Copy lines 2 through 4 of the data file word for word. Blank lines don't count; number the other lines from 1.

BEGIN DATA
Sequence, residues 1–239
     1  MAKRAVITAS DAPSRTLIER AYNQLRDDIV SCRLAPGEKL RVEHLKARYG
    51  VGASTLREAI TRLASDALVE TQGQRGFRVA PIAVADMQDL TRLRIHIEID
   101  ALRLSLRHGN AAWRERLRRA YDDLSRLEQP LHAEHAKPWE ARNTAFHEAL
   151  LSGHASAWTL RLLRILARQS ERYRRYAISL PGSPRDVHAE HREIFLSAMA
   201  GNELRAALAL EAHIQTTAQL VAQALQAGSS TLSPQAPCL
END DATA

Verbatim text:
     1  MAKRAVITAS DAPSRTLIER AYNQLRDDIV SCRLAPGEKL RVEHLKARYG
    51  VGASTLREAI TRLASDALVE TQGQRGFRVA PIAVADMQDL TRLRIHIEID
   101  ALRLSLRHGN AAWRERLRRA YDDLSRLEQP LHAEHAKPWE ARNTAFHEAL